Boris Johnson resigns as PM, political drama ends in Britain

Rishi Sunak, Ben Wallace, Liz Truss among contenders for the top post

Updated - July 08, 2022 12:34 pm IST

Published - July 07, 2022 02:17 pm IST - LONDON:

Britain’s Prime Minister Boris Johnson waves after making a statement in front of 10 Downing Street on July 7, 2022.

Britain’s Prime Minister Boris Johnson waves after making a statement in front of 10 Downing Street on July 7, 2022. | Photo Credit: AFP

Boris Johnson resigned on Thursday as leader of Britain’s Conservative party, paving the way for the selection of a new Prime Minister after dozens of Ministers quit his government over 48 hours of frenzied political drama.

“It is clearly the will of the parliamentary Conservative party that there should be a new leader of that party, and therefore a new Prime Minister,” Mr. Johnson said outside 10 Downing Street.

The timetable for a Tory leadership race will be announced next week, he said, after three tumultuous years in office defined by Brexit, the COVID pandemic and non-stop controversy over his reputation for mendacity. In the latest, party colleague Chris Pincher had to resign as Deputy Chief Whip last week over allegations of sexual misconduct.

‘Best job in the world’

Mr. Johnson, 58, said he would stay on as Prime Minister until a replacement is found.

He had fought hard against a Cabinet revolt and said he was “sad... to be giving up the best job in the world”, justifying fighting on in the final hours to deliver the mandate he won in a Brexit-dominated general election in December 2019.

“And let me say now, to the people of Ukraine, that I know that we in the U.K. will continue to back your fight for freedom for as long as it takes,” he added in his six-minute address.

Ukraine’s presidency thanked Mr. Johnson for his support in “the hardest times”.

Mr. Johnson’s few remaining allies in the Tory party stood adjacent alongside wife Carrie, carrying their baby daughter Romy.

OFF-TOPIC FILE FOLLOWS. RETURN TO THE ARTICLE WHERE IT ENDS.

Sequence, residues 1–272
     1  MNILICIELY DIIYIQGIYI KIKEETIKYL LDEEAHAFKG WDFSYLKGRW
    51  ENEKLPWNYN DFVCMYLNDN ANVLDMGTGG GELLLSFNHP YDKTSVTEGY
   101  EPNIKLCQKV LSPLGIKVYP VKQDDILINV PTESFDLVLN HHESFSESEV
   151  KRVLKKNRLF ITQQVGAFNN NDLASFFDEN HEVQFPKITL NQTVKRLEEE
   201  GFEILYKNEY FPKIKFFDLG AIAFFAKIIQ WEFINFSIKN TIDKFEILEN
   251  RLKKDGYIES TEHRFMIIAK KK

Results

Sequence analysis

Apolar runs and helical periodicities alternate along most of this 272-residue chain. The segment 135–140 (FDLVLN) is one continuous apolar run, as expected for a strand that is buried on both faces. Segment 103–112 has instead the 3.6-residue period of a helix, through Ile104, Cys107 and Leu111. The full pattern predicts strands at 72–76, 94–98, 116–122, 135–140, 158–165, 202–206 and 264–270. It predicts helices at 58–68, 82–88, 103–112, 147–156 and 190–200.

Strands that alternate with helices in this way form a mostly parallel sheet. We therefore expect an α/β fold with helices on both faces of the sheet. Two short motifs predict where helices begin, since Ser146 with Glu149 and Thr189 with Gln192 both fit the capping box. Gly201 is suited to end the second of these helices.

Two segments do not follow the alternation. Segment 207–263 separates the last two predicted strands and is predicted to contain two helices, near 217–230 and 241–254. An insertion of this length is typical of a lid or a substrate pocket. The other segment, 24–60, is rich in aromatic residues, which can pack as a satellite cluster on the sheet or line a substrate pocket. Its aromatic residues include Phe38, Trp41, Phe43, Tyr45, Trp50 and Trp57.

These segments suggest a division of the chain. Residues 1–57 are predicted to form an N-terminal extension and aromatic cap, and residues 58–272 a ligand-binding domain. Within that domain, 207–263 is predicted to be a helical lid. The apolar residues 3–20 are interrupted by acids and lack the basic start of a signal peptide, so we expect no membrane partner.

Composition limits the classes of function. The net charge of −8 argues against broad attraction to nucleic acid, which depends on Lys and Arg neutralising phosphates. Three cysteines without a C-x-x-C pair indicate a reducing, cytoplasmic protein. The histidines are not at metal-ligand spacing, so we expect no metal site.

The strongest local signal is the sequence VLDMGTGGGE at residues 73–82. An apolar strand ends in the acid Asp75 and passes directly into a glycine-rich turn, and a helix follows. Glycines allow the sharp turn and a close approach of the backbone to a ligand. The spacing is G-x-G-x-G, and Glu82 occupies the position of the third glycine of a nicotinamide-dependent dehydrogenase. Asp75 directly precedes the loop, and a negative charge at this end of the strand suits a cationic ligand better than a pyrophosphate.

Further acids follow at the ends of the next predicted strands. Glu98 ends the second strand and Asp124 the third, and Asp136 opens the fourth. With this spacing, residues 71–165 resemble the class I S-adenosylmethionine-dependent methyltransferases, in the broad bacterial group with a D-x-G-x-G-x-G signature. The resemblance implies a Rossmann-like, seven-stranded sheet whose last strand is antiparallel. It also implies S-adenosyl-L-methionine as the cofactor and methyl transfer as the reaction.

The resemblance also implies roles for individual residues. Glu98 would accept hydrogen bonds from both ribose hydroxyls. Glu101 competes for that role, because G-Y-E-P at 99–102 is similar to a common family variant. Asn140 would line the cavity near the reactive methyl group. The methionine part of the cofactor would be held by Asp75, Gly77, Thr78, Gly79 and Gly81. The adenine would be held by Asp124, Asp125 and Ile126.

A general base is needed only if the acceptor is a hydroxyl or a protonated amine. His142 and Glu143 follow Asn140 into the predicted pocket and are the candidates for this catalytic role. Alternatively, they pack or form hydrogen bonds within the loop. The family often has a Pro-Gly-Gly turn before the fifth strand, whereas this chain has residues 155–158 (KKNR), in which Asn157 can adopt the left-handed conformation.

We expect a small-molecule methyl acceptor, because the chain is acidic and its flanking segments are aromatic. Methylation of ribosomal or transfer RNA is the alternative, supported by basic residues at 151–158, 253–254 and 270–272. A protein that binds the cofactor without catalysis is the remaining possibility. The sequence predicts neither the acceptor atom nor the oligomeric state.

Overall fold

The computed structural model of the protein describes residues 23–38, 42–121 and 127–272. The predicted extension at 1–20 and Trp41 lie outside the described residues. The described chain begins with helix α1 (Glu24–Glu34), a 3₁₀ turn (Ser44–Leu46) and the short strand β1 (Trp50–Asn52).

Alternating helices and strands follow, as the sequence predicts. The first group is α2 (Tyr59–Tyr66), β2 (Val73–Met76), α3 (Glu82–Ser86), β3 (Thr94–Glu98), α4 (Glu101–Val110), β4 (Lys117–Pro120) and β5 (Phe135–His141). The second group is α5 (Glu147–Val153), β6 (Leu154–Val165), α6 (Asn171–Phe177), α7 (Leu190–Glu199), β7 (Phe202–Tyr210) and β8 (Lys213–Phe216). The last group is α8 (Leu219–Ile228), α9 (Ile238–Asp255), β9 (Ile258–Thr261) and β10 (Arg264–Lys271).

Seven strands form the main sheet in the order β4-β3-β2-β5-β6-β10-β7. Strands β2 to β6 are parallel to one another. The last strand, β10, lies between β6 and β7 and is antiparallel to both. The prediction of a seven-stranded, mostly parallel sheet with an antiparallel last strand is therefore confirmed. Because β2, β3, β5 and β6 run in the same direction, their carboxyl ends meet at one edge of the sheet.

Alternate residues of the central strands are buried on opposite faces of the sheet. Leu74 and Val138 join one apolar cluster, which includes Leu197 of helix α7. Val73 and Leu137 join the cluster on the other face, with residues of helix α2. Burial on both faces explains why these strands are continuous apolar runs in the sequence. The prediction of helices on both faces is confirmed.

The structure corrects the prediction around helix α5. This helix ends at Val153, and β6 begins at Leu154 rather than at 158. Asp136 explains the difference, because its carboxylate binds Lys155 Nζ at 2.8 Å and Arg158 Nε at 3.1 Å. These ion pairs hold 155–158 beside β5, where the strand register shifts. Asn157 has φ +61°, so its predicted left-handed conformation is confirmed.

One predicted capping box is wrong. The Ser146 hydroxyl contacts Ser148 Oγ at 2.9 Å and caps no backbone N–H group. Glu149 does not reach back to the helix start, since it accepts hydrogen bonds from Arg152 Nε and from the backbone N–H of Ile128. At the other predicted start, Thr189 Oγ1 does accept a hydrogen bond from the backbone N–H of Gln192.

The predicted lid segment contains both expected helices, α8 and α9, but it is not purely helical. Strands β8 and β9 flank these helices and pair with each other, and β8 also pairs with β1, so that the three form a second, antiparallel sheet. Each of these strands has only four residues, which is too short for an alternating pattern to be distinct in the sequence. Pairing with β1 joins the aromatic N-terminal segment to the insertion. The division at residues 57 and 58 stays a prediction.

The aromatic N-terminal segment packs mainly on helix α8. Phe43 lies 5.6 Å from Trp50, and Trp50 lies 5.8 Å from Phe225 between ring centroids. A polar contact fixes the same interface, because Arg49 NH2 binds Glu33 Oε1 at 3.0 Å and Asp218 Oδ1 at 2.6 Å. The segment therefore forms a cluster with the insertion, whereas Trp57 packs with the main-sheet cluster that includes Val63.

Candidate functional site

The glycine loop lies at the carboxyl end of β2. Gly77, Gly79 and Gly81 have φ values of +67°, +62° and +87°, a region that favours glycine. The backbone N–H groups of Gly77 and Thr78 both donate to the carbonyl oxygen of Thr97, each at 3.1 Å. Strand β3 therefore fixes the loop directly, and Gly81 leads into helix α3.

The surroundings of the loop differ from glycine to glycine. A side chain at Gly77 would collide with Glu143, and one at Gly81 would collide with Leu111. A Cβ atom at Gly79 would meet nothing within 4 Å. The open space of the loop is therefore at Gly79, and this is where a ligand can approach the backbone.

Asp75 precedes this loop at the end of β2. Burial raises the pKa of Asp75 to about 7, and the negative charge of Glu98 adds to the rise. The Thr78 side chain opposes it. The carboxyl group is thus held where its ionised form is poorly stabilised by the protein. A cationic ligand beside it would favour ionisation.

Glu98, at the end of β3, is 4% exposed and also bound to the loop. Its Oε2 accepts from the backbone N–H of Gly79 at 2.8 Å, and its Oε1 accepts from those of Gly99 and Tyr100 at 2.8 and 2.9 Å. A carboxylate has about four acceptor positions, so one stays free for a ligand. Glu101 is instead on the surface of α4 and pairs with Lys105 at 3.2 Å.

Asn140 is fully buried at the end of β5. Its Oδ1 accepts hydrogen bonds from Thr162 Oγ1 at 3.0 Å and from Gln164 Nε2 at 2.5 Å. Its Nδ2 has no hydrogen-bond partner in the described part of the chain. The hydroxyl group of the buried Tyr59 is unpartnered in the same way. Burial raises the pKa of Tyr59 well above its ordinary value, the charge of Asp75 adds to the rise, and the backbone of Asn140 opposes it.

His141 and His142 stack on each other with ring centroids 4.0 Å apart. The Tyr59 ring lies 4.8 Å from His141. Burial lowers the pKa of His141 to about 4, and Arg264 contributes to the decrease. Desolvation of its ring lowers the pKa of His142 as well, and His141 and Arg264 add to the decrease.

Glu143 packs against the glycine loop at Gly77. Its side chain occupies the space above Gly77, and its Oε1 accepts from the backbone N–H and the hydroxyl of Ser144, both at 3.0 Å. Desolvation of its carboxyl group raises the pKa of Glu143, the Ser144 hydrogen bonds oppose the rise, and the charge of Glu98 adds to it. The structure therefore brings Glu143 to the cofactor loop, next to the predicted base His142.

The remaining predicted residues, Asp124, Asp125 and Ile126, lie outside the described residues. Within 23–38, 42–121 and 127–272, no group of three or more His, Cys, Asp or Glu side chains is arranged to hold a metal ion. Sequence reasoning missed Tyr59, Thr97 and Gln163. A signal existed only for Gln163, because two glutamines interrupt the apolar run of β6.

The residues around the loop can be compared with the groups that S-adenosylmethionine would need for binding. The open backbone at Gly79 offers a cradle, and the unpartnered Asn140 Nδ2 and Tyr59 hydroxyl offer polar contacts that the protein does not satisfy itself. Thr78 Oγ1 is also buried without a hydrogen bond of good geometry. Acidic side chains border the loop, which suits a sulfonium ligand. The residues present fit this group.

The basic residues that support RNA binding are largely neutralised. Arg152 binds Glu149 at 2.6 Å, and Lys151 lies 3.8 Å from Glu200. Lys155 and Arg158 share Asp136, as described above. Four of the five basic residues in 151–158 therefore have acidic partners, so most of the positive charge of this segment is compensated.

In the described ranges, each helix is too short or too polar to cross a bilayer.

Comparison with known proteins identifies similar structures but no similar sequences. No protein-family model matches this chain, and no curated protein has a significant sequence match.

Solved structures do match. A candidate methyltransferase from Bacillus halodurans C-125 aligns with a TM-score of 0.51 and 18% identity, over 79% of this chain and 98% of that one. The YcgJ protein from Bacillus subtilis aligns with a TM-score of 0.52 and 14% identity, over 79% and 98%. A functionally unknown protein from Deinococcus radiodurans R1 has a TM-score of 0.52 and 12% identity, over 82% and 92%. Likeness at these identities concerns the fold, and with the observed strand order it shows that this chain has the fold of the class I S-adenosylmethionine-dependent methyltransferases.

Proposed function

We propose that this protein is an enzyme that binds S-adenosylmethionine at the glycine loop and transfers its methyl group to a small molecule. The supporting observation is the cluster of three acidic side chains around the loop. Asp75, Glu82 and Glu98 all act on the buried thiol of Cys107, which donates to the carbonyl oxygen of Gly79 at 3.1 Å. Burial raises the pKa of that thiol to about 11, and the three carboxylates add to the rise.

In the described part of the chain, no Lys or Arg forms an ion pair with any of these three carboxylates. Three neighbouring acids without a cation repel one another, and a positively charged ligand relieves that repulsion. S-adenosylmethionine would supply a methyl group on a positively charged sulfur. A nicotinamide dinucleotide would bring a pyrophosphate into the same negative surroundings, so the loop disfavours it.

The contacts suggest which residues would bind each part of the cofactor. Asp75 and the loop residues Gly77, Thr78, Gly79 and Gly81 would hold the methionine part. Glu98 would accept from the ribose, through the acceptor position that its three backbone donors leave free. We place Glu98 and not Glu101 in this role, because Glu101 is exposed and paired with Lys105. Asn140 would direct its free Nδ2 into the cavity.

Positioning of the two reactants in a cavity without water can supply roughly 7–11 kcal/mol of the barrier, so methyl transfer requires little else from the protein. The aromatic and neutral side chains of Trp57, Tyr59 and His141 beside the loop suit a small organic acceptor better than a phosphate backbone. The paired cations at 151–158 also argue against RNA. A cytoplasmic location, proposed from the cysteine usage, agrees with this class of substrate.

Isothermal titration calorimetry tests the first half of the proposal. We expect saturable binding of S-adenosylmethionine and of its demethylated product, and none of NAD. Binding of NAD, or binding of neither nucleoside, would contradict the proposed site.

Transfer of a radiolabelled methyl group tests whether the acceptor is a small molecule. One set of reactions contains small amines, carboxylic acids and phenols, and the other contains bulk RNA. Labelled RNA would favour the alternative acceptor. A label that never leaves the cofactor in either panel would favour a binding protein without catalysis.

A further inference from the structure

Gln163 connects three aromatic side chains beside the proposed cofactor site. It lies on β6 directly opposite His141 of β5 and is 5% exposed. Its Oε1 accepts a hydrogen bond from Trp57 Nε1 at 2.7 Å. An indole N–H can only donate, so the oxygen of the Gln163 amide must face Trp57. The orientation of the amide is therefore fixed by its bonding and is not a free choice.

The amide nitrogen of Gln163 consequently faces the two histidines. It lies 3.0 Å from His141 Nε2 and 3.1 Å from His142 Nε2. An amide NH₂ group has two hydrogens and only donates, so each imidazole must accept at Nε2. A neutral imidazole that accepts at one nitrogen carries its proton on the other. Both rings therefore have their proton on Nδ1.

The Conservative leadership election will take place over the summer and the victor will replace Mr. Johnson by the party’s annual conference in early October, the BBC and others reported.

Defence Minister Ben Wallace and Indian-origin Rishi Sunak, whose departure as Finance Minister on Tuesday sparked the Cabinet exodus, were among the early frontrunners to succeed Mr. Johnson, according to a YouGov survey of Conservative party members.

Foreign Secretary Liz Truss, another potential contender, said Mr. Johnson had “made the right decision” as she cut short a trip to Indonesia for a G-20 meeting. “We need calmness and unity now and to keep governing while a new leader is found,” she tweeted.

But in the highly charged hours building up to Mr. Johnson’s announcement, opposition Labour leader Keir Starmer had said the country cannot wait.

Mr. Starmer said “a proper change of government” was needed and demanded a no-confidence vote in Parliament, potentially triggering a general election, rather than Mr. Johnson “clinging on for months and months”.

Even while eyeing the exit, Mr. Johnson had earlier Thursday sought to steady the ship with several appointments to replace the departed cabinet members.

They included Greg Clark, an arch “remainer” opposed to Britain’s divorce from the European Union, which Johnson had championed.

Shailesh Vara, who has never served in the Cabinet, was put in charge of Northern Ireland, with the government locked in battle with Brussels over post-Brexit trading rules for the tense territory.

Mr. Johnson had been clinging on to power despite a wave of more than 50 government resignations, expressing defiance late Wednesday.

But Thursday’s departure of Education Minister Michelle Donelan and a plea to quit from Finance Minister Nadhim Zahawi, only in their jobs for two days, appeared to tip the balance along with warnings of a new no-confidence vote by Tory MPs.

Mr. Johnson triumphed in 2019 with a vow to “get Brexit done” following Britain’s shock referendum decision three years prior. But for many, the populist, convention-defying leader had outstayed his welcome.

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